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Economic confidence recovers as fear of recession in 2023 dissipates

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Recent financial survey by ACCA and IMA paints a hopeful picture

Η οικονομικor αυτοπεποθη&sigma ;η ανακαμπτει καθoς ο φoβος για yφε&sigma ;η το 2023 διαλyεται

Consistent with the perennial commitment to contribute to the development of the profession and to support the economies of the countries where it operates, ACCA (Association of Chartered Certified Accountants) continues to carry out its studies and research, to closely monitor the variables that affect the economy and development. Although the results of the Q1 2023 Global Economic Conditions Survey (GECS) show the economic confidence index lower compared to the previous year, at the same time it records an increase from the previous quarters. The upward trend that began in Q3 2022 stems from the continued decline in fear of the prospect of a recession in 2023, a finding consistent with the international upswing in economic confidence and business improvement.

The positive results are underlined by the GECS survey's two “fear” indicators, which measure the concerns of the survey participants about the possibility of companies (their customers and/or service providers) to suspend their turnover. Both of these indicators started to show improvement from Q4 2022, after touching the lowest levels in 2020.  Although new business was ischemic in 2022, the recent survey showed an improvement in both employment and capital spending. One factor that has contributed to the recovery in economic confidence is a reduction in concerns about increased costs. Commodity prices remain subdued, while Europe has benefited from natural gas prices returning to pre-Russian invasion of Ukraine. Despite the positive signs, any announcement of a full recovery is considered premature given today's data, including:

Central Banks are still raising interest rates. The lagged effects of monetary policy shrink the scope of the real economy. The banking system continues to face substantial challenges.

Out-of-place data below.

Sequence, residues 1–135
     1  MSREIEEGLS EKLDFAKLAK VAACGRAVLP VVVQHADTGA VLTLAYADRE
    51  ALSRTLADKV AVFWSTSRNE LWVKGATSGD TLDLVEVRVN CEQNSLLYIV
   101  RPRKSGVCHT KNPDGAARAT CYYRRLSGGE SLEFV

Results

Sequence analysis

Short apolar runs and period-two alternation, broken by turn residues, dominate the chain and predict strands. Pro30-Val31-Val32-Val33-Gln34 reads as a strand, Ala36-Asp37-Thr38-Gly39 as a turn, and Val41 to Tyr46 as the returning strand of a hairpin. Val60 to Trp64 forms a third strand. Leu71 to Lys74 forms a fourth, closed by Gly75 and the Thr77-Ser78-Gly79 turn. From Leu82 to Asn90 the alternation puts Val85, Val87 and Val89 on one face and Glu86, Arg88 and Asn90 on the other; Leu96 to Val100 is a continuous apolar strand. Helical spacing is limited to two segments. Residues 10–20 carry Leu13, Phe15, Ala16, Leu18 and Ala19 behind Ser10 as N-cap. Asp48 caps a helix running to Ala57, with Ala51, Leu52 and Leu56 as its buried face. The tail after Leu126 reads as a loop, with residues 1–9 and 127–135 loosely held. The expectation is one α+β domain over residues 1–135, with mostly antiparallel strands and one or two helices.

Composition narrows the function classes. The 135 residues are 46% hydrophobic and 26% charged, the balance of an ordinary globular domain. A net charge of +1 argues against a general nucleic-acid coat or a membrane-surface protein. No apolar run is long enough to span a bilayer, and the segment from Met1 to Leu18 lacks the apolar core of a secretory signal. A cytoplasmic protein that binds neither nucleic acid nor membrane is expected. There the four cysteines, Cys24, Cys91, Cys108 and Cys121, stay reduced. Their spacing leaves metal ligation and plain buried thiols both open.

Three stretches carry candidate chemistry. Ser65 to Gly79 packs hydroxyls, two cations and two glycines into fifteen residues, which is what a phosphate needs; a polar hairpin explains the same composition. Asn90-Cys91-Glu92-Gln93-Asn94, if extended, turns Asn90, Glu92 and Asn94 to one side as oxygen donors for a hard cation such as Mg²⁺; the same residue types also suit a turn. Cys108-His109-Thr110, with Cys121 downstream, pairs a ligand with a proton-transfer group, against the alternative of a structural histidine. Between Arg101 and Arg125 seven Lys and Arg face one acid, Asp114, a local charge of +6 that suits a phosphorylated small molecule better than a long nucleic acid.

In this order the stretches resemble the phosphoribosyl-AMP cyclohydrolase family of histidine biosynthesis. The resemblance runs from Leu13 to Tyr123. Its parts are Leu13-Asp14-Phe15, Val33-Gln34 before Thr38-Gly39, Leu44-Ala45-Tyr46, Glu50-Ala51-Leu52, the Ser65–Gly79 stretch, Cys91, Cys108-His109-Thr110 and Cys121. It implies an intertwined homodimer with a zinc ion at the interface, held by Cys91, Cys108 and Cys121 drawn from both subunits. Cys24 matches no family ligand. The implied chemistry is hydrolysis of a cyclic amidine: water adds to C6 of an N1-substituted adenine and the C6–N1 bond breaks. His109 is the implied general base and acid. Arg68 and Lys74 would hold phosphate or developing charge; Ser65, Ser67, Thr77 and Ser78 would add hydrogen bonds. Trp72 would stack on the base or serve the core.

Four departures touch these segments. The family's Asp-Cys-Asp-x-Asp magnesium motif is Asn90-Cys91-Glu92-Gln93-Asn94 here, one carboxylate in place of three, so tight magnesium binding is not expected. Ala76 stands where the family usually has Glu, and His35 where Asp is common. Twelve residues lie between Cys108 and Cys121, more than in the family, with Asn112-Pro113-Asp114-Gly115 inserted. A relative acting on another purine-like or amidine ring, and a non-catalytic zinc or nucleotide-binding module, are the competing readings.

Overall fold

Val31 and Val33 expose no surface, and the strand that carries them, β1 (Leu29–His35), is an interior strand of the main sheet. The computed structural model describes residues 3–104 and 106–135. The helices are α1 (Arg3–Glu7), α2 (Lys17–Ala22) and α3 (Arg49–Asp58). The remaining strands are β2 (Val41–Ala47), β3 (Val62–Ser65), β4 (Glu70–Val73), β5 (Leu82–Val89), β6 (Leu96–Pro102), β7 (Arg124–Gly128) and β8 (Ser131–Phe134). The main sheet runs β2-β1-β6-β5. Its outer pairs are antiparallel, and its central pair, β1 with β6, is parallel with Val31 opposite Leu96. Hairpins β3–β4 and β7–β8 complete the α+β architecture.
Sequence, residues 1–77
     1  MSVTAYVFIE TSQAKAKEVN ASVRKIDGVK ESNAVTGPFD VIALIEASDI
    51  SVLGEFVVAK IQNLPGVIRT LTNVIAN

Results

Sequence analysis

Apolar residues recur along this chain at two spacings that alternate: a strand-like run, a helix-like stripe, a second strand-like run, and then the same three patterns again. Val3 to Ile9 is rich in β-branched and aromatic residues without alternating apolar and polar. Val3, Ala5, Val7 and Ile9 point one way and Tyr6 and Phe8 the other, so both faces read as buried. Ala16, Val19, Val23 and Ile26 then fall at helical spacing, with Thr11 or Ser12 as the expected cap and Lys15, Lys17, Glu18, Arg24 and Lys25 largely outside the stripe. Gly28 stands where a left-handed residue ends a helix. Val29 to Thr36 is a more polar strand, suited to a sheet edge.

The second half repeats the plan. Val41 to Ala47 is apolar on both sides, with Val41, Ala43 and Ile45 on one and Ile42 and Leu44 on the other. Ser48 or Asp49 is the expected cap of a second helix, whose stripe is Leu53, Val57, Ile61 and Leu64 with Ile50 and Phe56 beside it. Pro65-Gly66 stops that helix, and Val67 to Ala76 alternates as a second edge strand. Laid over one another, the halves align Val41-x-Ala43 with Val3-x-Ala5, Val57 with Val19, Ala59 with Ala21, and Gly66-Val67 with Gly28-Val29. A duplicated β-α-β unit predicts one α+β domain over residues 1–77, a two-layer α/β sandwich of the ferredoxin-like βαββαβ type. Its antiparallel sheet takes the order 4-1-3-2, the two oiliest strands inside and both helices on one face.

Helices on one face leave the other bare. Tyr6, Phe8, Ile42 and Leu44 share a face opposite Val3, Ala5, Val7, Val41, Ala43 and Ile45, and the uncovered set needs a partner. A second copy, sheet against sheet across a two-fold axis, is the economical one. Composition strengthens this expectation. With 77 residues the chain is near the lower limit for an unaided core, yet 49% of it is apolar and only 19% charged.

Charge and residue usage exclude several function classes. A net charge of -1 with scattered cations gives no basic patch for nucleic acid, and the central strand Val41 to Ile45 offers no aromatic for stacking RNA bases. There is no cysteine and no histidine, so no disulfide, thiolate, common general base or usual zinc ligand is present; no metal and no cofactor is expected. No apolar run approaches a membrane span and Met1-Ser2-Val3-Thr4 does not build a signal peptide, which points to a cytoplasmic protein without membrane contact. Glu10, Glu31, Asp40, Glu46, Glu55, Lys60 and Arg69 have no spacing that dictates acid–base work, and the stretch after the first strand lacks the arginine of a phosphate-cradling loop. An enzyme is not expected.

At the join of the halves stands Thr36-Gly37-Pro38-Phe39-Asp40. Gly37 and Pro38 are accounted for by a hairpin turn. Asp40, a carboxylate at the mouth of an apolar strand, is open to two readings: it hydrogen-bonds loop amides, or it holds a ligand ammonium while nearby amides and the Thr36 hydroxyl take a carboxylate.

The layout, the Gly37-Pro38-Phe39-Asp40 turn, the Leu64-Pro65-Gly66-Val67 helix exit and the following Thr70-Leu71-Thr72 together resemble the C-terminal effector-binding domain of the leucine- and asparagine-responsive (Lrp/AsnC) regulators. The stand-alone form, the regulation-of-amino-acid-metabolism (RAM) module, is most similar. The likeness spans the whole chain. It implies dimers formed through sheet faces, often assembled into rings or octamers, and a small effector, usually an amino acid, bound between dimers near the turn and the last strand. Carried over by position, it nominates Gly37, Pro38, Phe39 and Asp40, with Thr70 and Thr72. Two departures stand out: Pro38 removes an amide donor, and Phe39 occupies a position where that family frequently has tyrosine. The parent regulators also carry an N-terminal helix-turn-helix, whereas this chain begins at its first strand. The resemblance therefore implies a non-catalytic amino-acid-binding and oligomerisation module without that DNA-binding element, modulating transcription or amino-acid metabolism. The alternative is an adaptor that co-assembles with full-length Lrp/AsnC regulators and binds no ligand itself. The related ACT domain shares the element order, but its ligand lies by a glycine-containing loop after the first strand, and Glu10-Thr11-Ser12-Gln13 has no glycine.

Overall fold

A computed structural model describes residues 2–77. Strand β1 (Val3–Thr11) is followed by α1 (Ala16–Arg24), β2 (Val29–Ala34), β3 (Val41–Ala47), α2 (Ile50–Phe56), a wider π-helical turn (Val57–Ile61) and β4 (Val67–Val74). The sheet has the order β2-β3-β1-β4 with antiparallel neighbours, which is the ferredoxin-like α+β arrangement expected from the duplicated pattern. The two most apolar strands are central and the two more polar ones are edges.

Global economic confidence appears to have strengthened for the 3rd consecutive quarter, not only because cost-related concerns have eased, but also because concerns about financial access and ensuring timely repayment have eased. Reports of problems with immediate repayments are at their second lowest in the survey's history. Improved macroeconomic conditions also appear to have encouraged companies to redefine their capital spending and hiring plans. When respondents were asked how they plan to respond to the changing economic environment, companies that said they plan to increase capital investment and staff were significantly higher in the quarter under study. The same applies to companies that plan to increase jobs and make new hires.

This fact is of particular interest considering the tightening of global monetary policy by global Central Banks. The past 12 months have seen the most aggressive and simultaneous tightening of monetary policy in more than 40 years, in terms of pace, scale and scope. Also of interest is the fact that these events have not yet had an impact on the financial position, business capital expenditure and hiring. Since monetary policy operates with long-term and variable lags, this is likely to be a problem later in the year.

Andreia Stanciu, Head of ACCA Southern Europe, said: “The global economy entered 2023 with more milestones than expected. Economic confidence has grown as businesses come to terms with the fallout from the Russian-Ukrainian war. Economic sentiment has been helped by a faster-than-expected easing of China's policy to record zero Covid-19 cases and the normalization of energy prices in Europe, events that should have helped lower headline inflation but remain still some negative risks that could dominate”.

Varvara Petropoulou-Lillika, ACCA Representative in Cyprus commented that “the result of the latest survey is really very encouraging. What is even more interesting as seen in the change in GECS economic confidence indicators over the quarter is the 30 point improvement in economic confidence in Western Europe. An improvement that was registered even though the governments of the countries implemented strict policies that affected not only the business environment, but also directly the final consumer. We hope that the indicators will remain upbeat in the next quarter, when the tightening of monetary policy and measures to reduce inflation will start to manifest their effects.”

Kyriakos Iordanos, CEO of SELK added: “We hope that the global indications will have a similar impact on the Cypriot reality. Although we see an improvement in our country's economy, we are also facing the consequences of the anti-inflationary measures imposed mainly by the European Central Bank. This affects domestic business perceptions and economic confidence levels, thereby slowing growth.”

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Source: www.kathimerini.com.cy

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